“I was really impressed by how nicely the trails had been groomed,” exclaimed Cathy Oaten, faculty secretary at WMU-Cooley’s Auburn Hills campus. “Even the marshy areas had rocks placed so we could walk easily over them. Law students would pop up in various spots on the trails to help give us directions on the paths too. The dogs loved the time outdoors. My shelter dog, Nitro, was so excited, I could barely keep up with him!”

Twice a month, on Wednesdays, the OCAC is on WMU-Cooley’s Auburn Hills campus with dogs that need to be walked.  Participants also admitted that it was a great way to get in some exercise and reduce stress.

“I participated in the Fitness Unleashed program and got to walk a dog named Diesel, a Lab/Great Dane mix,” shared WMU-Cooley law student James Langley. “Diesel really liked to run and take in all the smells on the nature trails.  We both got some exercise and had some fun with other students and dogs. It was a great way to step outside my daily routine and relieve some stress.  It was a great thing to do for some dogs that need some love!”

WMU-Cooley law student Sarah Gorski trys to point her dog in the right direction before hitting the trails during FITNESS UNLEASHED.

WMU-Cooley law student Sarah Gorski trys to point her dog in the right direction before hitting the trails during Fitness Unleashed.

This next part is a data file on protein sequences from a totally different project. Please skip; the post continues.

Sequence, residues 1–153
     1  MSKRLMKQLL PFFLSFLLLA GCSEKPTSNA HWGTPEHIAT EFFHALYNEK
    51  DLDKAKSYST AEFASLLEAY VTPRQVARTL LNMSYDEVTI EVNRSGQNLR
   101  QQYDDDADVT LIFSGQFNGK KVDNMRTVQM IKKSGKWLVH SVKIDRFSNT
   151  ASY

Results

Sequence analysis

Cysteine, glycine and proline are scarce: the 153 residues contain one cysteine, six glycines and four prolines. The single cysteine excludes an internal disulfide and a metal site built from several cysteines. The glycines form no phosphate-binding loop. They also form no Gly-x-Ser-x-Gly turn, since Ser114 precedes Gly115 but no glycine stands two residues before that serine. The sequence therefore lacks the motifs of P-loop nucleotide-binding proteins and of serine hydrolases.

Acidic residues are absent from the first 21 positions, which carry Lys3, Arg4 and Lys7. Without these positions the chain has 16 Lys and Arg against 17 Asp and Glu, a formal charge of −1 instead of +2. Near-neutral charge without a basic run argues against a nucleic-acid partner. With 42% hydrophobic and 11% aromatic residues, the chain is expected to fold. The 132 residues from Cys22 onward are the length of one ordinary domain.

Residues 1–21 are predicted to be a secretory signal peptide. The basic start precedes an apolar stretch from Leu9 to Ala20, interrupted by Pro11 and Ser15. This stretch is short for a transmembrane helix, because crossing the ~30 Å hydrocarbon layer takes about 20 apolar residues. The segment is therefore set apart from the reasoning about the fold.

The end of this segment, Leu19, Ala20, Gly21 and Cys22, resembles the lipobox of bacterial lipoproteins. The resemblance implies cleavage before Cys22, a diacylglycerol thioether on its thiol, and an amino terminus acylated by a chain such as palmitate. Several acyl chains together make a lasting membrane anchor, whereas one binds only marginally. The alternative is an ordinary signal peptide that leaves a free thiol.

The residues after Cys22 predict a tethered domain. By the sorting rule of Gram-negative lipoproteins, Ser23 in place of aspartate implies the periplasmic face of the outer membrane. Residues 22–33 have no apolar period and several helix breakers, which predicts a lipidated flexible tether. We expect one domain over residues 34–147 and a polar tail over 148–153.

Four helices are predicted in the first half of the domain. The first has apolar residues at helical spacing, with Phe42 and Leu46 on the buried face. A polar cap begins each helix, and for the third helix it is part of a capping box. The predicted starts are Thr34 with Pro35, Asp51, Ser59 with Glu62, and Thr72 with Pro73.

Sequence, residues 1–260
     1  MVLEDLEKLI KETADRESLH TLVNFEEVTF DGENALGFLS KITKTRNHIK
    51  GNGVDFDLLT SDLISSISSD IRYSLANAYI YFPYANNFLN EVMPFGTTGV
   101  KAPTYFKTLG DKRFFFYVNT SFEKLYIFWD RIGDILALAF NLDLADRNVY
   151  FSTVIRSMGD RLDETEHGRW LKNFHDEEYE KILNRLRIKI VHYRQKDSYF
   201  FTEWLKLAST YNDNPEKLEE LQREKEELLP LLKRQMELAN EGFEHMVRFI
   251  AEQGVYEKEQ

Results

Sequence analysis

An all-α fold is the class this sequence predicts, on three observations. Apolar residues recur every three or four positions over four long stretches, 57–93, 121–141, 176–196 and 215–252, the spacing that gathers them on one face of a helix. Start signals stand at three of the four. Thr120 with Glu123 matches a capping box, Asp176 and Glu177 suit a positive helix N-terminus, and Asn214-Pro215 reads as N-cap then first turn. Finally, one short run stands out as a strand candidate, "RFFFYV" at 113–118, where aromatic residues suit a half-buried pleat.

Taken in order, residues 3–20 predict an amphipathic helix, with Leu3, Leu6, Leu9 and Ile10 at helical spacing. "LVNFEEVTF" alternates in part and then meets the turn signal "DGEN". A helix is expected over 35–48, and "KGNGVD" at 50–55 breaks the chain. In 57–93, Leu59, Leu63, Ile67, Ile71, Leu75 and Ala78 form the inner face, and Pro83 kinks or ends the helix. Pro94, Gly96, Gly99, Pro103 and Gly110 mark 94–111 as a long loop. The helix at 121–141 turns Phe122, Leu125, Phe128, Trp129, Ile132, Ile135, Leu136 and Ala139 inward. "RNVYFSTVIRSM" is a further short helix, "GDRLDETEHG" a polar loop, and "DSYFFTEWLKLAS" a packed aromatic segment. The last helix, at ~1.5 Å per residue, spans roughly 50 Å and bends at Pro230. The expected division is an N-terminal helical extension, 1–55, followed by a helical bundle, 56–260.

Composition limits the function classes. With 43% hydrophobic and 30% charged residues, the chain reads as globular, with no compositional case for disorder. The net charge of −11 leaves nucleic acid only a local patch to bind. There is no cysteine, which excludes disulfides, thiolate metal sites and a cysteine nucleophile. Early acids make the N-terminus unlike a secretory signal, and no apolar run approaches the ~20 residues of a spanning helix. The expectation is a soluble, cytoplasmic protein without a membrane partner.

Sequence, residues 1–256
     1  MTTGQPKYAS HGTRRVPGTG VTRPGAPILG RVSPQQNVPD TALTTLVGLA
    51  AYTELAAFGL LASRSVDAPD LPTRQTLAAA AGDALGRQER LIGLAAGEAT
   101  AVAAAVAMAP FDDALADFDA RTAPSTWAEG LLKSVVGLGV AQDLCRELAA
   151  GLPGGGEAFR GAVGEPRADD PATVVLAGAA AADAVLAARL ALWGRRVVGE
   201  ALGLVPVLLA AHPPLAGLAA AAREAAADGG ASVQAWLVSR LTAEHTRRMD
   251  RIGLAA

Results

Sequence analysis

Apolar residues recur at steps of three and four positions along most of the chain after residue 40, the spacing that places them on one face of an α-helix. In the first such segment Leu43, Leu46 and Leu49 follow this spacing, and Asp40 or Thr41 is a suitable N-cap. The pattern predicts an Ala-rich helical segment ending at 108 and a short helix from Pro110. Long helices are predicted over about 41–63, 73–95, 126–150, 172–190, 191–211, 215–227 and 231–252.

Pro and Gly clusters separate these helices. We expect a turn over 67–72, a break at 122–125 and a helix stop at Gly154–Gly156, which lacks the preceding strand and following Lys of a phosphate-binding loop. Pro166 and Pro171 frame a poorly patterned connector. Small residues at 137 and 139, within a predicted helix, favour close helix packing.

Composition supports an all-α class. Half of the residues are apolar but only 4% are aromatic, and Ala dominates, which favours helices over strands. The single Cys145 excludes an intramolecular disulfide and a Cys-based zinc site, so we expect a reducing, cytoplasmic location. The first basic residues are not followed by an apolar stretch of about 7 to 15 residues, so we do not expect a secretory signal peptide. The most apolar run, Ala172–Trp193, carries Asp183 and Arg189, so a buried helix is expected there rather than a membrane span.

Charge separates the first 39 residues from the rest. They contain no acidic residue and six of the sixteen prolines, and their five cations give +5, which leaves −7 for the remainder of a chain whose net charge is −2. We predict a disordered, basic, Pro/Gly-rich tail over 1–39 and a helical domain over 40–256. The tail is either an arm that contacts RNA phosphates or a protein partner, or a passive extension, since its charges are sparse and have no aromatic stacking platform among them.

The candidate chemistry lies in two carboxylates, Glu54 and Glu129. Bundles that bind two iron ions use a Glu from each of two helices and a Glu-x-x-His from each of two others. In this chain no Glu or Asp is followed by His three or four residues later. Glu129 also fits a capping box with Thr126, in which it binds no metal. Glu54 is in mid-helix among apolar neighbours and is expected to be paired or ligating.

“I recently had the opportunity to participate in the new Fitness Unleashed program offered by WMU Cooley,” said Sarah Gorski, a WMU-Cooley law student.  “The program provides many health benefits to the dogs as well as the students participating. Walking the dogs was not only a great cardiovascular exercise, it was also a powerful antidote to stress. Dogs are inherently active animals and the program provides an outlet for their energy. My experience with the program was wonderful and I would definitely recommend other students to participate in such a great cause.”

The Oakland County Animal Control and Pet Adoption Center and WMU-Cooley Auburn Hills faculty, staff, and students get ready to walk their shelter dogs during Fitness Unleashed. Those participating in the program give the pets some much-enjoyed attention and take them for walks on the campus’ 67 wooded acres. From left, WMU-Cooley staff member Cathy Oaten joins Brianna Bolton and Cooley students Eric Shepherd and Matthew Super as they begin their Fitness Unleashed dog walk on the WMU-Cooley Auburn Hills campus.

The Oakland County Animal Control and Pet Adoption Center and WMU-Cooley Auburn Hills faculty, staff, and students get ready to walk their shelter dogs during Fitness Unleashed. Those participating in the program give the pets some much-enjoyed attention and take them for walks on the campus’ 67 wooded acres. From left, WMU-Cooley staff member Cathy Oaten joins Brianna Bolton and Cooley students Eric Shepherd and Matthew Super as they begin their Fitness Unleashed dog walk on the WMU-Cooley Auburn Hills campus.